Google Gives $2.65 Million Grant to Promote Smarter Energy Use
Google is awarding a $2.65 million grant to help fund energy conservation efforts by The Energy Foundation, a group that works to advance energy efficiency and renewable energy in the United States and China.
In a Jan. 14 post on The Official Google.org Blog, Michael Terrell, senior policy counsel for energy and sustainability at Google, wrote that the grant is being presented to help find new and innovative ways to solve existing energy problems.
"One of the best parts about working at Google is the chance to use the Internet and digital technology to help us all manage energy better," wrote Terrell. "We've seen big changes in recent years to the way we watch TV, use phones, read and listen to music, yet how we use electricity hasn't changed much in decades."
To achieve that, it requires new ways of looking at the issues, he wrote.
"What if instead of a monthly bill we had access to more real-time and actionable information about our electricity consumption?" wrote Terrell. "What if our appliances, air conditioners and lights adjusted automatically to use energy more efficiently and save money? If we did this in every home, it would help improve the reliability of the grid and save billions of dollars."
Some of that is already possible in 2013 through technology that includes smart electric meters and programmable thermostats, he wrote. "The challenge is that the rules governing electricity distribution were written for last century's grid. That's why Google.org is giving a $2.65 million grant to the Energy Foundation to support policy reforms that will lead to more intelligent energy use."
The 2-decade-old Energy Foundation primarily acts as a grant maker, providing grant money to other groups and organizations that can help make these kinds of changes and impacts, according to the group.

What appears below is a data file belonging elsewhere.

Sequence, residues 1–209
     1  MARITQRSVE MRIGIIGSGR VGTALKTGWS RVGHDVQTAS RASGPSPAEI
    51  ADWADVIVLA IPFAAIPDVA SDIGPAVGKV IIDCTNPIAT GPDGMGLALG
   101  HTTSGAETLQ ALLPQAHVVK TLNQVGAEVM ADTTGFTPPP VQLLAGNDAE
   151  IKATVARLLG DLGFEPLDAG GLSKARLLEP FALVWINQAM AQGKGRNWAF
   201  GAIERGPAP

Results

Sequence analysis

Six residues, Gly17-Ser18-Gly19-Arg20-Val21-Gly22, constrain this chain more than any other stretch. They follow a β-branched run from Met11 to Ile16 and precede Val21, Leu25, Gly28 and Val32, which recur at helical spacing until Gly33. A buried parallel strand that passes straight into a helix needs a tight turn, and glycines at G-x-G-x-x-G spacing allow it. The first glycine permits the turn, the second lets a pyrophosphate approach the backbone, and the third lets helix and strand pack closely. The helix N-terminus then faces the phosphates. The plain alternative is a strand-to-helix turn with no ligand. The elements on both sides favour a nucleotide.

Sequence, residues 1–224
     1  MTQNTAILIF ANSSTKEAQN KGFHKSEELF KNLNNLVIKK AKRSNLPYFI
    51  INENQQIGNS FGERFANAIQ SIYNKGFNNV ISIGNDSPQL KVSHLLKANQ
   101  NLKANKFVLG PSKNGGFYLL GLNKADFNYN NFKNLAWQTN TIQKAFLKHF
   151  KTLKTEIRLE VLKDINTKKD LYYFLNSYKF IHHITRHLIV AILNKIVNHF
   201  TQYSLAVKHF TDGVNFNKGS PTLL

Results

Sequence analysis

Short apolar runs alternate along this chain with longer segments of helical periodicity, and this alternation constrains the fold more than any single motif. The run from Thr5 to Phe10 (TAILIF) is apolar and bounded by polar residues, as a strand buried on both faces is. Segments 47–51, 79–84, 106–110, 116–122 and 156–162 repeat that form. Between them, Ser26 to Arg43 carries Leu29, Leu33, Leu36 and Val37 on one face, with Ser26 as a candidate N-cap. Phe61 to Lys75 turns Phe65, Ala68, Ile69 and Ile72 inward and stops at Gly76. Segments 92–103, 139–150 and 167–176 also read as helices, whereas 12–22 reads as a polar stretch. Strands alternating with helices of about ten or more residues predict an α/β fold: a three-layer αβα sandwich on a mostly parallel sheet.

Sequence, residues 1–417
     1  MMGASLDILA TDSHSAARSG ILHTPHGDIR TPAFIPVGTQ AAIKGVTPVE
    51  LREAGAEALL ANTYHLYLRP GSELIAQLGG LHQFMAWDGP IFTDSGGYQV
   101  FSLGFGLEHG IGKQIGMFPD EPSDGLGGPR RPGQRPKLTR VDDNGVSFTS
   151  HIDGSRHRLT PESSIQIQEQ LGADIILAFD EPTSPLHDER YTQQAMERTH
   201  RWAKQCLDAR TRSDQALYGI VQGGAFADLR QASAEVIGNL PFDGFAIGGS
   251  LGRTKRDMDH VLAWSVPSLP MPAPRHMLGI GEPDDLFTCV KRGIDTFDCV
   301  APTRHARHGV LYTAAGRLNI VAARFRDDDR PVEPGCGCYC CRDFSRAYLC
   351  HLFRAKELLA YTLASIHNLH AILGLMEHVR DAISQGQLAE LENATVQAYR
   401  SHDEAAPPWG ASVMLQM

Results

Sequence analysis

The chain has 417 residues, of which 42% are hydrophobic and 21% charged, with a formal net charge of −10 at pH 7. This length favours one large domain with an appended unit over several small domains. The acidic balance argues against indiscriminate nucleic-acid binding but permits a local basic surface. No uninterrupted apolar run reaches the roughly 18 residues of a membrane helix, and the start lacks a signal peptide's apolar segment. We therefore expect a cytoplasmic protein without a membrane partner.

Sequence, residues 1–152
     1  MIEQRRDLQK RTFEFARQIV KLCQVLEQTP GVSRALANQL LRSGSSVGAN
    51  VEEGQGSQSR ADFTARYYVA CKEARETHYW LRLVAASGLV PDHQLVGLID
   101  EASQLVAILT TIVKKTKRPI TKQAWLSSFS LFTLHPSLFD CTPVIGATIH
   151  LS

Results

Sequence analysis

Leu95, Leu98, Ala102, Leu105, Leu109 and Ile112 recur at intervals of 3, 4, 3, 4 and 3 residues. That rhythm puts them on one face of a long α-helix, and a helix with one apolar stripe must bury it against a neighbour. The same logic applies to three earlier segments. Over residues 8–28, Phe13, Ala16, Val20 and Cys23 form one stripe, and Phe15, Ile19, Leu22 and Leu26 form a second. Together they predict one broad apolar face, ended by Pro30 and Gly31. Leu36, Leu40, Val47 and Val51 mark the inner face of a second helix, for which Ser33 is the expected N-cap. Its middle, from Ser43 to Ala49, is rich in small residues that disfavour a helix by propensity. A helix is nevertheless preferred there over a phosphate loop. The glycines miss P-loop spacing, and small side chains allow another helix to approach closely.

The Energy Foundation's partners include Anonymous, ClimateWorks Foundation, Grantham Foundation, Grousbeck Family Foundation, The William and Flora Hewlett Foundation, The Kresge Foundation, The McKnight Foundation, David and Lucile Packard Foundation, Pisces Foundation, Robertson Foundation, Schmidt Family Foundation, Tilia Fund, TomKat Trust and TOSA Foundation.
The Google.org grant will be used to look at improving energy conservation, including the establishment of smarter electricity rates that encourage consumers to be more efficient while shifting their electricity use to times when it's cheaper, as well as producing their own renewable on-site energy, according to Terrell.
The grant will also be used to look at ways of providing access to electricity markets for consumers and other businesses so they can be compensated for cutting energy use at key times, while establishing open data policies that give customers access to their own energy use data so they can see how they use energy and look for ways to conserve power and save money.
"These policy reforms, coupled with the new technologies now being deployed on a large scale, can empower consumers to make smarter energy choices, improve real-time management of the electricity grid, and help facilitate more renewable energy all while lowering overall costs," wrote Terrell.
Google, which is a huge consumer of electricity for its modern data centers, offices and operations around the world, is always looking for ways of conserving energy and using renewable energy sources. The company has been making large investments in wind power for its data centers since 2010.
On Jan. 9, Google announced that it has invested about $200 million in a wind farm in western Texas near Amarillo, as the company continues to expand its involvement in the renewable energy marketplace.
Google's latest investment is at the Spinning Spur Wind Project in Oldham County in the Texas Panhandle.
The 161-megawatt facility was built by EDF Renewable Energy, a company that's built more than 50 other clean energy projects, according to Google. The facility has 70 Siemens wind turbines, each producing 2.3 megawatts of power, which is sent along transmission lines to SPS, a utility serving Texas and New Mexico.
The project is the 11th investment in renewable energy facilities that Google has made since 2010, according to the company. Google so far has invested in wind and solar power facilities that produce more than 2 gigawatts of power, combined.
Other Google renewable energy investments include the Atlantic Wind Connection project, which will span 350 miles of the coast from New Jersey to Virginia to connect 6,000 megawatts of offshore wind turbines; and the Shepherds Flat project in Arlington, Ore., which is one of the world's largest wind farms with a capacity of 845 megawatts. Shepherds Flat began operating in October 2012.